Assessment of the article by editors
This involves an examination of the article to see if it has followed the journal’s author guidelines. At this stage, the quality of the information or knowledge conveyed by the article is not important.
Appraisal of the article by the journal’s editor-in-chief
It is at this stage that the editor in chief of the journal scrutinizes the quality of the information or knowledge conveyed by the article. The aim is to determine if the article meets all the standards set by the journal. An article that does not conform to such standards is usually rejected.
Associate Editor (AE) assigned for the peer review
Though this step is not found in every journal, some of them have the capacity to delegate the peer review process to an associate editor.
Sending invitations to qualified reviewers
The editor in charge of the article’s peer review invites persons deemed to possess the necessary knowledge or expertise needed to review the article more thoroughly, according to the journal’s pre-determined standards. Though most journals will not require more than a couple of external reviewers, the number can vary from journal to journal.
Acceptance or declining of Invitations
In this stage, those invited to be part of the article’s review take some time to finally decide on whether to accept or turn down the invitation based on personal reasons such as availability and others. If the journal permits, an invited potential reviewer who declines to honor the invitation can recommend somebody else to take his or her place.
Review of the article
Each of the reviewers independently studies the article critically and holistically. This is usually a meticulous exercise that takes some time and is not done in a hurry. Based on this rigorous scrutiny, each reviewer then comes up with a verdict for the journal – to either accept or reject the article or ask for it to be revised (usually classified as minor or major revisions) before it can be considered again.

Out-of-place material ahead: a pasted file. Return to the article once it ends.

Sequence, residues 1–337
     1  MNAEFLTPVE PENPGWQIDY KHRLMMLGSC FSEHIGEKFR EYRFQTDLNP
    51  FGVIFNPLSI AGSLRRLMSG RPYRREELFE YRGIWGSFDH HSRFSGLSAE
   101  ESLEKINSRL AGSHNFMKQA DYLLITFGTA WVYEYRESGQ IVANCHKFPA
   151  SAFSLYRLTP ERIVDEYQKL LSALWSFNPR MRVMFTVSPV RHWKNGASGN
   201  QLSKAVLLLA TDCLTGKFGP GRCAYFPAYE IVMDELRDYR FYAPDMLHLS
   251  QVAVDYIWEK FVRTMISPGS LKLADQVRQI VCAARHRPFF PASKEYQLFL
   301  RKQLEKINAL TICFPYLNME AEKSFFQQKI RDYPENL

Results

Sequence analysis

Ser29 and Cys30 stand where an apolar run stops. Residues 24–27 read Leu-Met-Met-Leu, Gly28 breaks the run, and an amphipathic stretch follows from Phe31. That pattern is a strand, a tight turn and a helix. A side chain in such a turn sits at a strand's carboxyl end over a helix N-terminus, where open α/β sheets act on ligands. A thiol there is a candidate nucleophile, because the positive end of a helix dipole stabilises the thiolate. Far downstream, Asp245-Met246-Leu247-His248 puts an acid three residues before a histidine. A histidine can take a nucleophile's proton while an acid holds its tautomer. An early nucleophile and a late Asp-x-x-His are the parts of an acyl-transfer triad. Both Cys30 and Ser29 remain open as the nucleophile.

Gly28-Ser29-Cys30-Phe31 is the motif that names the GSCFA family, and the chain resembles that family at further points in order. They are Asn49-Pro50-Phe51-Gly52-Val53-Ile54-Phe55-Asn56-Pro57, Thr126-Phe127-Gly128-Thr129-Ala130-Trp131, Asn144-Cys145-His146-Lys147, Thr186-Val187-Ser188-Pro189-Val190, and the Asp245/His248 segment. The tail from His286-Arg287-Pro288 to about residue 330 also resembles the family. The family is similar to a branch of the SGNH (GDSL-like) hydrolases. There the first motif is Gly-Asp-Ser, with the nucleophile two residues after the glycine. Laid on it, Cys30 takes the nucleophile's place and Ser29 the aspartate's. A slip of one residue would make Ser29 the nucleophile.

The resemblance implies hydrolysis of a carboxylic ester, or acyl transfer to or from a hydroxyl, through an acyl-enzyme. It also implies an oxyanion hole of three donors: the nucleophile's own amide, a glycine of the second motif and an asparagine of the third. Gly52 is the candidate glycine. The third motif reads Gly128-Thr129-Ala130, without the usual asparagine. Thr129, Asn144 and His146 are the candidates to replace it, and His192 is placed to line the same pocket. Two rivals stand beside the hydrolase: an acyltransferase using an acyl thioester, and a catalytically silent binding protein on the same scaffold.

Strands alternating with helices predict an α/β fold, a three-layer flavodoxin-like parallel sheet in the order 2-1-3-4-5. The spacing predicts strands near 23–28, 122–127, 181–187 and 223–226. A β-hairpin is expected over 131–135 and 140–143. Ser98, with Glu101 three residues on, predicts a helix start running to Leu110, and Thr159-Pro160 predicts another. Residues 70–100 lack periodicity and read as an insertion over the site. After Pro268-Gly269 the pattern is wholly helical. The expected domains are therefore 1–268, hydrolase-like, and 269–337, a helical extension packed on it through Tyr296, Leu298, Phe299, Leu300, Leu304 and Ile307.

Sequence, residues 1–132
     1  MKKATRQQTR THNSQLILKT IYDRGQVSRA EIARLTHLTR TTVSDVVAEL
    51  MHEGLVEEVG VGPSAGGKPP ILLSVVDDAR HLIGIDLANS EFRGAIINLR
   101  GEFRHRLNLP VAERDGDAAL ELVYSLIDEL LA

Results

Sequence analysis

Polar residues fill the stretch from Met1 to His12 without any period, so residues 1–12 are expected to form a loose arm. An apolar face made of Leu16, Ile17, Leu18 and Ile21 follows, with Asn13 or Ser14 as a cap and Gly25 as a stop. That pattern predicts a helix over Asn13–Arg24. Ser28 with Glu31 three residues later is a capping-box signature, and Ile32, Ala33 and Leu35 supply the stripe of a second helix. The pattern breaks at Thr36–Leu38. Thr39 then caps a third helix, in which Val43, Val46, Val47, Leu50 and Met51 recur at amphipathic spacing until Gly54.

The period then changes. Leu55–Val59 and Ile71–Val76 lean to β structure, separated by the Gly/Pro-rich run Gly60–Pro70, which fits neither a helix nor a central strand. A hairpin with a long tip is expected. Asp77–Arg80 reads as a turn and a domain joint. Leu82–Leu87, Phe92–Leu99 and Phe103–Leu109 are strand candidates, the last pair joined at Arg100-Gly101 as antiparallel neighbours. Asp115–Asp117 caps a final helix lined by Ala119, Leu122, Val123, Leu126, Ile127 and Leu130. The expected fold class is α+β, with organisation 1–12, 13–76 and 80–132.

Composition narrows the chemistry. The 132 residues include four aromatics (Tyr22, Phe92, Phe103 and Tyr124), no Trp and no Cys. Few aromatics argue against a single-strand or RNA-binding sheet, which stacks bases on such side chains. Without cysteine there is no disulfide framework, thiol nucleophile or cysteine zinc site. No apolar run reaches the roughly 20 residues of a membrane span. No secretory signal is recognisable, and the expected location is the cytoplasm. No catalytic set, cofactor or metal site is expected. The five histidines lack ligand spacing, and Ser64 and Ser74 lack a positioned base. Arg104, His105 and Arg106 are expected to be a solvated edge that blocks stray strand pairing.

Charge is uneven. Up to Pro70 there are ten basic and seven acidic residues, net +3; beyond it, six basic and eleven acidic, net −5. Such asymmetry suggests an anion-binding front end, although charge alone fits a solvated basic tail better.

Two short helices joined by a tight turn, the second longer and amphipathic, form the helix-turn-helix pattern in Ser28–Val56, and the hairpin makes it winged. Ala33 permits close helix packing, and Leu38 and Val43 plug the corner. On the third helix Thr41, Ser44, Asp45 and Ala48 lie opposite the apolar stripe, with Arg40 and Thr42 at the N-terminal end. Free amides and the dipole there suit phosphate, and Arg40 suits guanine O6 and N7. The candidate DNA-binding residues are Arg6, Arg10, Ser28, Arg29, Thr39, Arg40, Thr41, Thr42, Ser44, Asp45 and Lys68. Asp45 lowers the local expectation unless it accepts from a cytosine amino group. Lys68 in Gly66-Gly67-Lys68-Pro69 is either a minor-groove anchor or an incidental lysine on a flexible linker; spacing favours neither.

Evaluation of the independent reviews by the editor
All the expert reviews are assessed and then evaluated by the editor assigned to oversee the process with a view to arriving at a rational decision. Where the verdicts of the reviewers conflict, the editor can invite another expert reviewer to help make things clearer.
Final Decision conveyed to the article’s author
Whatever the final decision taken by the journal through the editor is subsequently communicated to the author of the article at this stage, usually by email. It often includes comments by the reviewers.
The reviewers are communicated the journal’s final decision through emails or letters. An accepted article will be sent for publication while a rejected article goes back to the writer. An article meant to undergo either minor or major revisions also returns to the writer with helpful comments from the reviewers that should guide the writer to make the necessary revisions.
New versions of revised articles should be made available to the reviewers upon completion. But for minor revisions, this may not be necessary if the editor can vet the changes.
Things to know about peer-reviewed articles
Who is the author?
Here, the emphasis is on whether a scholar or researcher actually wrote the paper. One way to ascertain this is to check whether the author has attached his or her academic qualifications beside his/her name (e.g., BSc, MSc, Ph.D., etc).
Another useful clue is the author’s professional or occupational background. For example, is he/she (presently or previously) a teaching staff in a higher institution? Does he/she belong to any professional organizations (e.g., the American Economic Association, etc)?
What is the story and who is it meant for?